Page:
One player that Lemming didn't miss because of his size was Gates. Rather, Gates was a prolific basketball player, leading Central (Detroit)
to a state title in 1998.
Lemming said that he missed on Gates "mainly because he was a basketball player."
Gates bounced around in college before landing at Kent State to finish his basketball career before signing as an undrafted free agent with the San Diego Chargers.7. Cam Newton
Lemming didn't entirely whiff on Newton, the No. 1 pick in the 2011 NFL Draft, but he didn't peg him as the dominant force that he was during his brief career at Auburn.
"I had Cam Newton as a four-star guy," he said. "I had him come to the [U.S. Army All-American] combine and I liked him. He was big, athletic and he could throw."
Some schools thought the Westlake (Atlanta)
product might project better as a tight end, Lemming said. No one, Lemming included, thought Newton would have the type of impact he did at the college level, where he captured the Heisman Trophy and led Auburn to a BCS title.8. Ben Roethlisberger
Roethlisberger spent most of his high school career at Findlay (Ohio)
as a wide receiver and backup quarterback playing behind the head coach's son. However, when he got his crack as a senior, he made the most of it.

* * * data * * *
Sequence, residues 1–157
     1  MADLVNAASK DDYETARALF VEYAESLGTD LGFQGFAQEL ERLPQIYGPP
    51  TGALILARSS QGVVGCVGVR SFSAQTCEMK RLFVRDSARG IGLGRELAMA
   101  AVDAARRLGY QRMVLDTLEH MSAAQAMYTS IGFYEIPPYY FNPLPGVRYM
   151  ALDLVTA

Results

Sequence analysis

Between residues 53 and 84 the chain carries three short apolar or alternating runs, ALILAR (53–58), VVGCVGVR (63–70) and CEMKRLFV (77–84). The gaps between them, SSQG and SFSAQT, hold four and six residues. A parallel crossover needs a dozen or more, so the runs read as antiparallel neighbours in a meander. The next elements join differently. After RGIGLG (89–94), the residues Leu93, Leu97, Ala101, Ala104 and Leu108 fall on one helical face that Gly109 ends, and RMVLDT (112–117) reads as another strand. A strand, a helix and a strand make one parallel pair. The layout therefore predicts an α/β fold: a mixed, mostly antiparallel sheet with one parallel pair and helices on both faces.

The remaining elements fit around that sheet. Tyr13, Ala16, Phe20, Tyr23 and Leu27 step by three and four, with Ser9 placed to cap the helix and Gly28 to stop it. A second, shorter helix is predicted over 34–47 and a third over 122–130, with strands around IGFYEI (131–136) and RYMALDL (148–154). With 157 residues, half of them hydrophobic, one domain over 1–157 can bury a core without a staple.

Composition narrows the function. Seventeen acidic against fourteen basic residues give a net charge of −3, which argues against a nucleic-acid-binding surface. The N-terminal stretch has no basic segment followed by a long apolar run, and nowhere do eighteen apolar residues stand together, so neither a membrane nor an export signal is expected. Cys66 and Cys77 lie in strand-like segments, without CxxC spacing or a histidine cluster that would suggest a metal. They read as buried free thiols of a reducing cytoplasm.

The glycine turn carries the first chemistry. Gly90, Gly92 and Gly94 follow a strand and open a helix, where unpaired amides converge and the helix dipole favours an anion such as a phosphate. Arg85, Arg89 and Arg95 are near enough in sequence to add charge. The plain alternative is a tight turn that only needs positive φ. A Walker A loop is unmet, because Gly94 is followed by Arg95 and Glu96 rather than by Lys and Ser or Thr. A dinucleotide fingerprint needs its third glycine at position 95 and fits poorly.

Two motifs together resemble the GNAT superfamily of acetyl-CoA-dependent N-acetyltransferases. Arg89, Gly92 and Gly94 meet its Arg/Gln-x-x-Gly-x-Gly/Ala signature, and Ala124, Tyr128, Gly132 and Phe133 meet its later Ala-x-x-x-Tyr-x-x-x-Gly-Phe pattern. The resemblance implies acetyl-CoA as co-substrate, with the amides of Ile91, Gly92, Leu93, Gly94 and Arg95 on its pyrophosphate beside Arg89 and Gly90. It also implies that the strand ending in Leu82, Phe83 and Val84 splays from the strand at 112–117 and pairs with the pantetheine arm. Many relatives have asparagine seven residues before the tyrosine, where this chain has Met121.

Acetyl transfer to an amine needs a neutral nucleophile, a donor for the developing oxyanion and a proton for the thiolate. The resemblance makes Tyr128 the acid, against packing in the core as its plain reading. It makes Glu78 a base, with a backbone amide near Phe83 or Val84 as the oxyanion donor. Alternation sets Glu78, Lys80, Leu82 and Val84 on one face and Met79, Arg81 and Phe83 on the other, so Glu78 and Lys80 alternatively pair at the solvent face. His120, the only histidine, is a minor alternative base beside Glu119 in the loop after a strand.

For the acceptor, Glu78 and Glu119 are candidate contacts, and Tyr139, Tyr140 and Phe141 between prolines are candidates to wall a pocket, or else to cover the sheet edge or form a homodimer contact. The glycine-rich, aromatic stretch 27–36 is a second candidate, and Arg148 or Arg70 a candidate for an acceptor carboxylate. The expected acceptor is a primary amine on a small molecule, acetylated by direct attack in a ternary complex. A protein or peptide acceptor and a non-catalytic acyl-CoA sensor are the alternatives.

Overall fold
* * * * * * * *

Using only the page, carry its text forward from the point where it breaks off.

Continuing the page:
Roethlisberger threw for more than 4,000 yards as a senior, but he was still not a hot commodity with college coaches, or with Lemming.
"He came out as a prolific passer, but there were question marks about his foot speed and level of competition. I had him in the magazine as a three-star player, but that was a mistake," Lemming said. "He was better than I thought he was."9. Russell Maryland
One notable player Lemming missed was particularly close to home, Chicago product Russell Maryland.
Maryland attended Whitney Young (Chicago)
, where he was a 6-foot-1, 320-pound defensive tackle as a senior. According to Lemming, Maryland wanted to attend Notre Dame, but the Fighting Irish were not interested. He was close to signing with Indiana State, but Miami swooped in after missing out on Mel Agee, who chose Illinois over the Hurricanes.
Like many colleges, Lemming also overlooked Maryland.
"He's right out of Chicago, and I didn't even rank him high," he said.10. Jeremy Shockey
Miami has done a good job through the years finding players that slipped through the cracks and past Lemming's watchful eye. Tight end Jeremy Shockey, out of Ada (Okla.)
, is another example.
"He came out of Oklahoma as a skinny tight end, I think weighing under 200 pounds," Lemming said. "Miami did a real good job of finding guys back then; Shockey was one of them."
It was Shockey's small frame that led Lemming to think he wasn't destined for football greatness.
Lemming feels that Shockey's story, as well as that of many others, could provide a valuable lesson to players currently going under-recruited.
"I think it's a testimony to the kids that are being a little overlooked now," Lemming said. "If you have the heart, willingness, and a little bit of luck in growing, no matter what you say you can make it to the NFL."